A new Norwegian study is causing controversy after claiming that breast-fed babies are only slightly healthier than bottle-fed babies — and that it has nothing to do with milk. Instead, says professor Sven Carlsen of Norwegian University of Science and Technology, a child’s health is predetermined in the mother’s womb and based on hormone levels. In the following blog post, Dr. Tanya Altmann responds to the study's findings:By Dr. Tanya Altmann, author of “Mommy Calls: Dr. Tanya Answers Parents Top 101 Questions About Babies and Toddlers” While this study is interesting in that it stresses the importance of prenatal influences on a baby’s future health, it flows against the tide of countless studies that show the benefits of breast-feeding. We know that proper nutrition, including prenatal vitamins, is important for a healthy baby. This study claims that a mom’s hormone levels during pregnancy play an important role (and possibly the most important role) in a baby’s future health. I think this does provide new insight for future studies on what makes for an optimal environment inside the womb and am curious about further information on whether lifestyle changes can influence this perfect hormone balance, or is it simply genetic?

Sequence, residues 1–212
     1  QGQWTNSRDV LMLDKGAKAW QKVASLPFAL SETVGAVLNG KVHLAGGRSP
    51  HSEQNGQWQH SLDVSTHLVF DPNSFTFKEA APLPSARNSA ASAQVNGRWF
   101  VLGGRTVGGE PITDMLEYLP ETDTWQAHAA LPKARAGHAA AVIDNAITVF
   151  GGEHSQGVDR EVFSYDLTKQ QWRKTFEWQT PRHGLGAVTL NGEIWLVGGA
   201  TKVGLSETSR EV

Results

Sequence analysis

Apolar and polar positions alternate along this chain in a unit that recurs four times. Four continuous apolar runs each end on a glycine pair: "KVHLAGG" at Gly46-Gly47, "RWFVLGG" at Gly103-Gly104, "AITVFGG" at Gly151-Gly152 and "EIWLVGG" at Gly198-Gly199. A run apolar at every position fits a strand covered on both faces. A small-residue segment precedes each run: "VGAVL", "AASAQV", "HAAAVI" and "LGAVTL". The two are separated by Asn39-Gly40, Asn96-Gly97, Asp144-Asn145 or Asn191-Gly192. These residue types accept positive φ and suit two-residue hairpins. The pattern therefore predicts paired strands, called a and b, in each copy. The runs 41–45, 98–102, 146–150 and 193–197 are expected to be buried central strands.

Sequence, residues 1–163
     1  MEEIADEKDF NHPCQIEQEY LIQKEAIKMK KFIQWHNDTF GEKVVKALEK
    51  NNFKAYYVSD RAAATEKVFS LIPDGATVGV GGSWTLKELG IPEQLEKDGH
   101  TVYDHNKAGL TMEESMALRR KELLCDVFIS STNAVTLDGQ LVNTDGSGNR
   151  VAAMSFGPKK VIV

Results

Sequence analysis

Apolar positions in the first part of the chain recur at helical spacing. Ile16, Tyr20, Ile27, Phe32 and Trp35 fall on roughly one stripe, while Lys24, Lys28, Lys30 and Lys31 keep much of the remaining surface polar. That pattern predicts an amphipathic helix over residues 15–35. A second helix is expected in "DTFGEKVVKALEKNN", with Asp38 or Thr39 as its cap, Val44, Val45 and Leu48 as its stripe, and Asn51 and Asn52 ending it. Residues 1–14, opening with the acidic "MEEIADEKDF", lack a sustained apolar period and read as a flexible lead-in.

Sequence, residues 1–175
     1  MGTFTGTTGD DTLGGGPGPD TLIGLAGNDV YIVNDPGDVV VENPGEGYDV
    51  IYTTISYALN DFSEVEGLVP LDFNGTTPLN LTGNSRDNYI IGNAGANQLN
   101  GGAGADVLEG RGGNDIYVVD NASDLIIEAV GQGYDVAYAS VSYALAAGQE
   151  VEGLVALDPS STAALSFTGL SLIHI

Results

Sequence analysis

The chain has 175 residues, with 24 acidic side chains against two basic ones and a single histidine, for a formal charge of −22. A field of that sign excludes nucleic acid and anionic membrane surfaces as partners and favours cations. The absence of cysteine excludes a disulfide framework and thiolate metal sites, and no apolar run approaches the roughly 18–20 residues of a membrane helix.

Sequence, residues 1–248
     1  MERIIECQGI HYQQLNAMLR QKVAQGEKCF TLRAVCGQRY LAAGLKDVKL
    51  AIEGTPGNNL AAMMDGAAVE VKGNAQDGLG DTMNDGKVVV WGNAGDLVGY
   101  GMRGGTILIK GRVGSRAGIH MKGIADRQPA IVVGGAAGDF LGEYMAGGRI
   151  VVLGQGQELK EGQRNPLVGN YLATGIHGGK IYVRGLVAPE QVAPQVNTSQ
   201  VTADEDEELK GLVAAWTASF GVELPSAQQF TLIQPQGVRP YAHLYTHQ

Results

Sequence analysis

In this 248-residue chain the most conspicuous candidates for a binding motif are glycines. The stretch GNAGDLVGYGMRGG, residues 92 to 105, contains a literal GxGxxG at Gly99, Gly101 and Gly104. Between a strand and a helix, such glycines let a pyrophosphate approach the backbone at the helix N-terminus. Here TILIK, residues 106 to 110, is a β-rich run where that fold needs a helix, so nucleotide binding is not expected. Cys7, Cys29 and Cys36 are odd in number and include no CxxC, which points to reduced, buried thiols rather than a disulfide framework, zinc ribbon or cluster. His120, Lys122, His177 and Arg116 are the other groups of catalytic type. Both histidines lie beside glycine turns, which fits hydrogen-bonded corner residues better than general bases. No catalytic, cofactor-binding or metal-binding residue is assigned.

This study seems to downplay the importance of proper nutrition after birth, which is just as critical as during pregnancy. The benefits of breast-feeding have been well documented in numerous studies. Mother’s milk provides immunity against infections, is easiest for a baby to digest, uncommon for a baby to be allergic to and is less expensive than formula feeding. Breast-fed babies have fewer ear, respiratory tract and diarrheal infections. They are also at lower risk for many childhood diseases such as asthma, diabetes and obesity. Breast-feeding also has many health benefits for mom including a decreased future risk of cancer and diabetes as well as a faster return to pre-pregnancy weight. For these reasons and many more, the American Academy of Pediatrics as well as other national and international health organizations continues to recommend breast-feeding as the optimal source of nutrition for a baby. Related content:Is breast-feeding really best?